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Why taking action on sexualised ads should be part of the national conversation on ending sexual violence

March 2021

We are living through a time of reckoning.

For over a month, Australia has been grappling with revelations about allegations of sexual assault in our Federal Parliament.

These events have rocked the nation and started the #March4Justice movement. Shocking and saddening as they are, for too many women they come as no surprise.

As a nation we have been asking ourselves: how safe are women?
How safe are women in their homes?
How safe are women in our streets?
How safe are women at work?

We know that gender inequality is the leading cause of violence against women. As Our Watch describes in Change the Story these issues are complex and deeply rooted.

We know there is no silver bullet, but we do know what the problems are, and the solutions.

Advertising plays a significant role in shaping our beliefs and attitudes every single day. But it is easy to look past the link between advertising and the discussions we are having today on women’s safety and violence against women.

Research has found that exposure to advertising impacts how girls and boys understand gender, how they play, and their future ambitions – from as early as the age of six.

When we grow into teenagers and adults, advertising continues to shape our beliefs, including those relating to violence.

Research has found that exposure to objectifying imagery influences both men’s and women’s perceptions about responsibility for rape (Romero-Sánchez et al. 2015).

That is, when young men and women are shown objectifying images of women, then given a scenario that describes a rape scene, they are more likely to perceive the woman as responsible for being raped (Loughnan et al. 2013).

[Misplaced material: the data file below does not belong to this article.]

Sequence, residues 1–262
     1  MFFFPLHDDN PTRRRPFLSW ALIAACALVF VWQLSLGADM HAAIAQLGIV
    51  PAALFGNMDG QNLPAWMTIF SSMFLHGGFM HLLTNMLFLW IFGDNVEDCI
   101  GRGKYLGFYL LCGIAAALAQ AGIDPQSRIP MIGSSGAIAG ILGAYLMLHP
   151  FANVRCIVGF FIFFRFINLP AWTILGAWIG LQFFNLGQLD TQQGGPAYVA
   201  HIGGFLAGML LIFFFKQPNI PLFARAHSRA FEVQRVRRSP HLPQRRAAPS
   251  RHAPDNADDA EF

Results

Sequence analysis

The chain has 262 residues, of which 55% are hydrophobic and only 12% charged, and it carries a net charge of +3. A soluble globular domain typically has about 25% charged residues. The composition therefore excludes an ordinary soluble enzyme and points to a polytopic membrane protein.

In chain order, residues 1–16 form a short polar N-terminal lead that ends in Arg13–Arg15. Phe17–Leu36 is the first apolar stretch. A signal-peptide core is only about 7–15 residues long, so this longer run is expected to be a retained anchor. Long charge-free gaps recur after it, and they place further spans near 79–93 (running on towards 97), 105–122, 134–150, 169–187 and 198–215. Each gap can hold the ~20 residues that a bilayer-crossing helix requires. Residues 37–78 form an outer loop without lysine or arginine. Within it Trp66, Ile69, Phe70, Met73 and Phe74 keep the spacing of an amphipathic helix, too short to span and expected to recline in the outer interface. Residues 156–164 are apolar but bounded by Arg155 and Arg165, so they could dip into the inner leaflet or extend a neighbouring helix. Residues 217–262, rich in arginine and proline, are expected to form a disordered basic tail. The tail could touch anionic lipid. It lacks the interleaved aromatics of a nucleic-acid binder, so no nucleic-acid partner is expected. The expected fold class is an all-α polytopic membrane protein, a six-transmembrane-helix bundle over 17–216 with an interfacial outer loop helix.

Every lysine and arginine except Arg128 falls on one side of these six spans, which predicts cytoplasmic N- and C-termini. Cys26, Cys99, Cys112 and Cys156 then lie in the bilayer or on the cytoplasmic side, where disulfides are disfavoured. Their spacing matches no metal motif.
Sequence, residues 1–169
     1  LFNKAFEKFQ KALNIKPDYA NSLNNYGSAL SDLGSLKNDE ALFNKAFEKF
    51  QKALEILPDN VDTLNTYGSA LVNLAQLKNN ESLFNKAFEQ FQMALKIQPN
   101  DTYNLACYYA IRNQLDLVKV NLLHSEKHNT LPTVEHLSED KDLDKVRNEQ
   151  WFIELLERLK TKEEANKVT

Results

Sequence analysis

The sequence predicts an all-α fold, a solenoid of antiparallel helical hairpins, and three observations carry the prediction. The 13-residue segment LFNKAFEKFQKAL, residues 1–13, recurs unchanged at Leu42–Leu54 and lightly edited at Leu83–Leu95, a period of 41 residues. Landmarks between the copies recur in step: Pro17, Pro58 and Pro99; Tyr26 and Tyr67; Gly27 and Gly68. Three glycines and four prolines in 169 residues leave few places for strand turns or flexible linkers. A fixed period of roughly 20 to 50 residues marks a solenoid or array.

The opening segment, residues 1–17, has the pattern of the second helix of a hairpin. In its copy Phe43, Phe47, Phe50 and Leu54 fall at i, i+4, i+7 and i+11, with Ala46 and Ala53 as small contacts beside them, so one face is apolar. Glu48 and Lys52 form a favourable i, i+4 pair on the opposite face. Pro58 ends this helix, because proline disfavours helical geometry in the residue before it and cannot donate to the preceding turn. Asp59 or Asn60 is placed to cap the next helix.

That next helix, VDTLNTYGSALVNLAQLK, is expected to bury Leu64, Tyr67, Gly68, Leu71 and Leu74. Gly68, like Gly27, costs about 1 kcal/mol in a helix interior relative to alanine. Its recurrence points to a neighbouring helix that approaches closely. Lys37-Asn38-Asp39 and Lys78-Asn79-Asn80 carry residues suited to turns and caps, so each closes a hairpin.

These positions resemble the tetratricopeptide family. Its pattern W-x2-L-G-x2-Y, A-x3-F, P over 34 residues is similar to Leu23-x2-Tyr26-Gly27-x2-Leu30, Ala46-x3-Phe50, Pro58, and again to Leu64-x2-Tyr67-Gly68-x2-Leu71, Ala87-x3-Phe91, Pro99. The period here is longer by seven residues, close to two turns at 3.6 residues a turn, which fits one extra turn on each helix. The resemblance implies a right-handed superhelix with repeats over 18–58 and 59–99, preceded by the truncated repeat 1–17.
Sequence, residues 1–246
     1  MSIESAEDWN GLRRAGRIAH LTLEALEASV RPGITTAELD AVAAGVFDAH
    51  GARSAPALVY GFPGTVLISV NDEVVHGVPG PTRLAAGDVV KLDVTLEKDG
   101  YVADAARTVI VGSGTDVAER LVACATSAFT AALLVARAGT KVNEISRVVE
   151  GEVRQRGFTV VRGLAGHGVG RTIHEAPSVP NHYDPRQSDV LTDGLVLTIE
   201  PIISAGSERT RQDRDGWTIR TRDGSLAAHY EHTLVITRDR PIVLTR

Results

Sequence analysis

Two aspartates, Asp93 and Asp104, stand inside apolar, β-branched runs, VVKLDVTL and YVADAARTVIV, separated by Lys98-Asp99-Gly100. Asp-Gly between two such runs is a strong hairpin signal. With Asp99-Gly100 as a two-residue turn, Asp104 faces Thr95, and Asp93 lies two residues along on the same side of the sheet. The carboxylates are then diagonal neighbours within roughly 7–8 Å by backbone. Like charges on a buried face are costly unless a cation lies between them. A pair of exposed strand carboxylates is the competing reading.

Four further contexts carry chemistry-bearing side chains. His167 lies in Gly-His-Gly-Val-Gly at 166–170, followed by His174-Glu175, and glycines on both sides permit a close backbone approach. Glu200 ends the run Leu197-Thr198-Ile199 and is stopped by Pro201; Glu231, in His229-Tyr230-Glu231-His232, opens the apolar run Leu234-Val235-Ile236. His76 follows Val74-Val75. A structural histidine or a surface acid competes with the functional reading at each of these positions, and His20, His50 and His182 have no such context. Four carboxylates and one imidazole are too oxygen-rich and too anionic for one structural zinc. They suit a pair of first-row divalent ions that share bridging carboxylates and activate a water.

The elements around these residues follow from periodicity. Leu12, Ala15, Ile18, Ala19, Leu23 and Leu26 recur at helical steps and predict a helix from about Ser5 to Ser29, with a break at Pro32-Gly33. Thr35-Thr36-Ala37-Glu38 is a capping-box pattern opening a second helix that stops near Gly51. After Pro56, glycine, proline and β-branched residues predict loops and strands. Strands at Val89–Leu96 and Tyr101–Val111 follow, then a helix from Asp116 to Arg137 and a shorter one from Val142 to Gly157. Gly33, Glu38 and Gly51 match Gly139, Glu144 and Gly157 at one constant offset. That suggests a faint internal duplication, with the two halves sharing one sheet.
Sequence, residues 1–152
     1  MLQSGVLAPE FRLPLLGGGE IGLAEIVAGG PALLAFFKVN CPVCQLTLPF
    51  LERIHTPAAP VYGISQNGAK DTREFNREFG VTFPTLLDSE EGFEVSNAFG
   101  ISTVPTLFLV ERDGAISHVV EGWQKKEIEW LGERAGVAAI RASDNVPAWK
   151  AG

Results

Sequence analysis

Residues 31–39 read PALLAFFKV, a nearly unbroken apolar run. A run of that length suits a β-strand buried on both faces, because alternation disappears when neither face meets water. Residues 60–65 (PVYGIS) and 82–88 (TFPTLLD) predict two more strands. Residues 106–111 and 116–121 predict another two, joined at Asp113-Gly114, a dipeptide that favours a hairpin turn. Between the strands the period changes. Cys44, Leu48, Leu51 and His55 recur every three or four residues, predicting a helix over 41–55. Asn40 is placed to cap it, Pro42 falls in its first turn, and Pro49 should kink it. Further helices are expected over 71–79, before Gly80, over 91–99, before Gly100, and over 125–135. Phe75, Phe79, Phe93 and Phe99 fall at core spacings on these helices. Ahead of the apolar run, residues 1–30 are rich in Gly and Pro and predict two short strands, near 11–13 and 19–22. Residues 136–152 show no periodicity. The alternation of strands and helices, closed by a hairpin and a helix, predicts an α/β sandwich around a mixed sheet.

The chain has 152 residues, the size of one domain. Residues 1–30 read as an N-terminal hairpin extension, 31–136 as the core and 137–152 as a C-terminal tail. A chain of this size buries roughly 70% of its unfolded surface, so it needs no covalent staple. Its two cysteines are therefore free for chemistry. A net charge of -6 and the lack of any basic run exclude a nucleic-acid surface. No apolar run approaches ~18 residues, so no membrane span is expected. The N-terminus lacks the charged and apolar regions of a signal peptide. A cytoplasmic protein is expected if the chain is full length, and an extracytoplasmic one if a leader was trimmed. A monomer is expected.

Men and younger people who are exposed to sexualised and objectifying ads are particularly likely to accept rape myths and sexualised violence, compared to women or older people (Capella et al. 2014).

This makes sense when we look at Australian studies, such as the National Community Attitudes towards Violence against Women Survey (NCAS) from 2017 that found that compared with young women, young men have a lower level of understanding of violence against women, a lower level of support for gender equality, and a higher level of attitudinal support for violence against women (ANROWS, 2017).

What these studies suggest is a clear link between exposure to objectifying advertising, and attitudes that condone violence against women. This is concerning because we know that one of the main underlying causes of violent behaviour towards women is attitudes that justify and excuse that behaviour.

To end violence against women, we need to stop it before it starts.

Much of the current national conversation has focused on what interventions are necessary: reporting, survivor support, legal prosecution. These interventions are all critical to supporting survivors to recover and achieve justice, but to eliminate violence, we need to prevent it from occurring in the first place.

Transforming the harmful portrayals of women on our screens, billboards and magazines from sexualised and objectified to authentic, empowered and diverse, is key to ending violence against women.

We need advertising to play its part in preventing violence against women.

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